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06 04 04 - DIYARBAKIR, Turkey (Reuters) - A three-year-old child killed by a stray bullet ....
> 31/3/2006
> Children among dead in Turkey clashes, EU worried
> Fri Mar 31, 2006 2:18 PM ET
> By Daren Butler
> DIYARBAKIR, Turkey (Reuters) - A three-year-old child killed by a stray bullet raised to seven on Friday the death toll from days of clashes
between riot police and Kurdish protesters in Turkey's troubled southeast, Turkish media said.
> In a separate incident highlighting the tensions ravaging the impoverished, mainly Kurdish region, security forces said they had killed seven guerrillas of the banned Kurdistan Workers Party (PKK), two of them women, in rural Sirnak province.
> The European Union, which Turkey aims to join, expressed concern about the violence and urged Ankara to do more to combat poverty in the southeast
and to boost Kurds' cultural rights.
> In Diyarbakir, the main city of the southeast which this week has seen its worst civil unrest in decades, lines of riot police in full body armor and helmets held automatic rifles as small groups of protesters chanted slogans.
> Earlier, dozens of youths burned tires and threw stones at security forces for a fourth consecutive day, though violence was subdued compared to the
> running battles of previous days.
> "It has calmed down for now but the situation could explode again at any moment," said Mehmet, 26. Like most local people, he preferred not to give a surname.
> Shopkeeper Ahmet, 35, said: "The state has provoked this... People have grabbed their weapons again because nothing has been done to bring peace to the region."
> Turkey's southeast suffers high unemployment and many Kurds want political autonomy and more cultural freedoms. They feel the Turkish state is hostile
> to them and express sympathy for the PKK, branded by Ankara, the EU and Washington as a terrorist group.
> The clashes first erupted on Tuesday after funeral ceremonies for 14 PKK members killed by troops last weekend.
> Separately, an explosion killed one person and injured five others near a bus station in an historic area of Istanbul on Friday. No one has claimed
responsibility for the blast.
> Turkish NTV television said Fatih Tekin, 3, died while playing on Friday in the town of Batman to the east of Diyarbakir. It said he was killed after police fired into the air to disperse protesters, but gave no details.
> Officials confirmed a child had died of gunshot wounds, but police had no immediate comment on the circumstances cited by NTV.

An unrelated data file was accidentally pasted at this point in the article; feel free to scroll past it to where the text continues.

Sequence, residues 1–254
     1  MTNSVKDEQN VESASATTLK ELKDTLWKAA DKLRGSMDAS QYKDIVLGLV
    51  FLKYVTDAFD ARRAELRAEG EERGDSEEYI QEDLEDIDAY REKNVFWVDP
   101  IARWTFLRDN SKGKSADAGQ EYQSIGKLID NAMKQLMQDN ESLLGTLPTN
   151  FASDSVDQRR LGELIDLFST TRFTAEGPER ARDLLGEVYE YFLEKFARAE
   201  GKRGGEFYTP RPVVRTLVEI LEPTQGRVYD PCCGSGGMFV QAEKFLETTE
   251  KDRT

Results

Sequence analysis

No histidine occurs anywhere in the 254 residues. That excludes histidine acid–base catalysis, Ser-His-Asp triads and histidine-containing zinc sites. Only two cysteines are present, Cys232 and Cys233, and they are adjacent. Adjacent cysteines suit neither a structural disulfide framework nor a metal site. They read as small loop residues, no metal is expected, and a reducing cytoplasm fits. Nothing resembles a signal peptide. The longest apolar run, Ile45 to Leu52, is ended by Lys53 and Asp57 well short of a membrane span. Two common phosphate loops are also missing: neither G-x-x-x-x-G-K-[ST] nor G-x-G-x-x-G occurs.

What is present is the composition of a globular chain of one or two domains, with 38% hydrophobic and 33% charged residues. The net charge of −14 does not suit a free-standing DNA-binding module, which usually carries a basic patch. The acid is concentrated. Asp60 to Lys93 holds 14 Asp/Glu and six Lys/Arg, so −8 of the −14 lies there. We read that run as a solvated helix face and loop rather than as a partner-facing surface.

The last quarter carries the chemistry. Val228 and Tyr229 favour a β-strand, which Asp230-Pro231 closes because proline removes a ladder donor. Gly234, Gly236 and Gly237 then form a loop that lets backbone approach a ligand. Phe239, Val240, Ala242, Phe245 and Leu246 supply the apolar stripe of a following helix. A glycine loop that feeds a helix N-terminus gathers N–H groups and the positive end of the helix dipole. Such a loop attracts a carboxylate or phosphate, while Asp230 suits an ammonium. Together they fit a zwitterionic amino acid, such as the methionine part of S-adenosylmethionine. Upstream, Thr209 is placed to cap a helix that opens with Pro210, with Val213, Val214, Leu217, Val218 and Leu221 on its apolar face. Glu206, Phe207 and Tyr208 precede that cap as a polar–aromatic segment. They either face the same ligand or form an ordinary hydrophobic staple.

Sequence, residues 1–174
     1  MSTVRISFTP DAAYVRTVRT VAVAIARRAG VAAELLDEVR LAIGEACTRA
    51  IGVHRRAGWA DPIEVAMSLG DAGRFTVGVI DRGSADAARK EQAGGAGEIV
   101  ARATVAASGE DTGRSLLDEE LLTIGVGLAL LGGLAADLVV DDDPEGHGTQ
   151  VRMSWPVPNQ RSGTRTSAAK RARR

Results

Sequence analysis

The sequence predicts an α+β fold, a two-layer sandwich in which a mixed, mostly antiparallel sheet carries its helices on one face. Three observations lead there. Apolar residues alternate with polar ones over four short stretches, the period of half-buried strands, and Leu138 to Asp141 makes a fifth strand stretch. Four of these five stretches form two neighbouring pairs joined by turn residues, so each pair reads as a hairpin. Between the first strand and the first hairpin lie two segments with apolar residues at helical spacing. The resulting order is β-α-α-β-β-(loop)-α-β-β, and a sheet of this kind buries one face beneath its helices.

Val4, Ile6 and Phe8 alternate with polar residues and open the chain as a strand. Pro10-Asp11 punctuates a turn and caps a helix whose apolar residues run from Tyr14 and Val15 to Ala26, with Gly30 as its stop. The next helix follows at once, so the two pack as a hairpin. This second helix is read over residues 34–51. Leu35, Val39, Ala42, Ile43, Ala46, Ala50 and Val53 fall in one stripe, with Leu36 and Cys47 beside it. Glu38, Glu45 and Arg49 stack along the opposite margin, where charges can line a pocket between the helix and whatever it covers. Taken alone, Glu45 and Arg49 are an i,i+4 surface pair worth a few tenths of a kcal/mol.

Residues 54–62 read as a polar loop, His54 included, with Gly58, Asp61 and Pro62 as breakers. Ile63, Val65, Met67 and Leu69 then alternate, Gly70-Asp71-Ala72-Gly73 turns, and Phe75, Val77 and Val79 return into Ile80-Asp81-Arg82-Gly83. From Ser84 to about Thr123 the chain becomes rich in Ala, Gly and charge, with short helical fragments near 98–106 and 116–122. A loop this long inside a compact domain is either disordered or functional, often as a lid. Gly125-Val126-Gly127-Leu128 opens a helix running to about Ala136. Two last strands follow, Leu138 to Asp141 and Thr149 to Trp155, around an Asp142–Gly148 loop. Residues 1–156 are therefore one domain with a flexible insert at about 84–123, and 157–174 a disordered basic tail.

> Diyarbakir Mayor Osman Baydemir said two other people had died in clashes in his city, but he gave no details.
> Most shops and offices reopened for the first time in days.
> A man and a child were shot dead on Wednesday and a second man was crushed under a police armored car in Diyarbakir. A second child, aged 8, died overnight in a Diyarbakir hospital and was buried swiftly to avoid
> triggering further riots.
> Shopkeepers in Diyarbakir, a city of nearly a million people, said they had been closed previously because of threats.
> They did not say who made the threats but Turkish officials say the PKK is behind the riots and wants to foster a climate of fear and chaos.
> "For three days, we could not open. Those who did closed again after receiving threats. But today we opened. Nobody has threatened us ... We hope
> there will be no more threats," said one tradesman, speaking on condition of anonymity.
> The EU expressed concern about the situation.
> "We are aware of the serious terrorist problem in the region but it is a much wider problem than just a security issue," EU Commission spokeswoman Krisztina Nagy said.
> "The region needs peace, economic development and real exercise of cultural rights for Kurds," Nagy added.
> Ankara has lifted restrictions on the Kurdish language and culture in EU-linked reforms over the past few years, but critics say it needs to do
> much more.
> Turkish government ministers praised the security forces' handling of the riots, saying they had acted with restraint. They accused the PKK and its supporters of deliberately using children in the protests in order to win sympathy.
> Interior Minister Abdulkadir Aksu said during a visit to Diyarbakir the violence -- which has also targeted banks and shopping centers -- would
> deter badly needed investment.
> NTV television said police had arrested 79 people in the clashes so far after detaining more than 200.
> Ankara sees the PKK as a terrorist group wholly responsible for the deaths of more than 30,000 people since it launched its armed campaign for an
> ethnic homeland in southeast Turkey in 1984. But many Kurds view the PKK sympathetically.
(Additional reporting by Ingrid Melander in Brussels)
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